VH-XUD was quickly off the ground and turned in a spiral circuit to take advantage of a break in the heavy clouds. This provided an opportunity to see the tidy farmsteads and fields where the harvest had been completed.
Passing over the airport, we soon emerged through the clouds into the clear sky. Had it been a fine day below, I would have been on the right side of the aircraft for wonderful views over Hopetoun, the Barrens Ranges and the bays and inlets along the coast.
Once the seat-belt sign was off, Emily came through the cabin, first offering that morning's West Australian
, then offering cushions. Shortly after, she came through once more, this time taking orders for refreshments. Available were tea, coffee, juice and water served with a packet of biscuits.
The first half of the flight saw us remain over a solid blanket of cloud. Gradually the cloud broke but conditions below stayed hazy. We passed over farming country, punctuated by occasional grain bins and salt lakes.
The communication bell advertised the commencement of descent. Emily offered mints to the passengers and collected any rubbish and empty cups or newspapers that people didn't want.
As the aircraft reduced altitude, the trees appeared to get bigger. Acacia Prison came into view.
The Brasilia darted in and out of passing clouds. Once more we passed Lake Leschenaultia but this time to the north. The seat-belt sign illuminated and Emily did the "tables stowed, seats upright" thing.
Our flight path took us over John Forrest National Park and Greenmount, with Great Eastern Highway (linking Perth with Kalgoorlie) snaking its way down the hill.
Passing the junction of Great Eastern Highway Bypass and Roe Highway, the Brasilia lined up for approach, flying over Kalamunda Road and the airport perimeter.
The aircraft landed on runway 24, passing the International Terminal and Terminal 1 Domestic, before turning off to taxi in front of the Qantas terminals.
A Boeing 737-838, VH-XZJ Mendooworrji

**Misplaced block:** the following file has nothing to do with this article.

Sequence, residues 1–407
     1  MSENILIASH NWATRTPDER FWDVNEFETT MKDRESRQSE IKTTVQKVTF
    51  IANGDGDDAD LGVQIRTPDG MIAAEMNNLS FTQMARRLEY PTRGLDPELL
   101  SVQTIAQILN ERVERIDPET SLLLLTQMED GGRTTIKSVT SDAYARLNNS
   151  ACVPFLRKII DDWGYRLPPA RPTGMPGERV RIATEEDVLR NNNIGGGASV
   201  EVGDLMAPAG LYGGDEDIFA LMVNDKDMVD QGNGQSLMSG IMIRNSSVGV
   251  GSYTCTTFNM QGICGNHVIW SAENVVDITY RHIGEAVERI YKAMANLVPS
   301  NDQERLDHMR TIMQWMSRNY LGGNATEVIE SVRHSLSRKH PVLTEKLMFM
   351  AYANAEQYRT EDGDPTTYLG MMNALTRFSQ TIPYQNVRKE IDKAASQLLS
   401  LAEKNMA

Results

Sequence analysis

, in special livery was present. The livery was inspired by Western Australian Aboriginal artist, Paddy Bedford, a founder of the Warmun art movement. Using 140 nylon stencils, the design took over 950 man hours to complete and used 500 litres of paint, weighing 125kg.
Also present, VH-EBB Albany
, an Airbus A330-202 that for a while flew with Jetstar. Now back in Qantas colours, its flying kangaroo has so far eluded the recent design change and is happy to retain its forepaws and face.
As the journey came to an end, in front of the Valentine Road terminal I could see several aircraft in the Skippers fleet, including some Dash-8s and the elusive Metro 23.
Emily was at the door and Owen was on the ground at the foot of the aircraft steps as I deplaned and walked to the terminal. It had been a pleasant enough flight. The cabin interior was a bit grubbier than that of the Dash used on the outbound flight, reflecting years of use on runs to remote mining communities.
After Virgin Australia cancelled its RPT flights to Ravensthorpe, it looked as if the Shire would be without air transport. It will be interesting to see if Skippers entry will gather sufficient support to make their offering viable in the long run. I hope so. I still have that Metro to catch.Previous Trip Reports:Getting into the Spirit: Qantas A332 Perth to SydneyYour Personal Airline: AirLink Beech 1900D to DubboOur Heart is in the Country: Regional Express Saab 340BMotorcycles Galore: QantasLink Dash-8 300Q to TamworthDjawannasnack: Virgin Australia ATR 72 to SydneyNow You're Flying: Virgin Australia A332 Sydney to PerthA Surprise Dash: Skippers Aviation to Ravensthorpe
Necessity is the plea for every infringement of human freedom. It is the argument of tyrants; it is the creed of slaves. - William Pitt Speech, 1783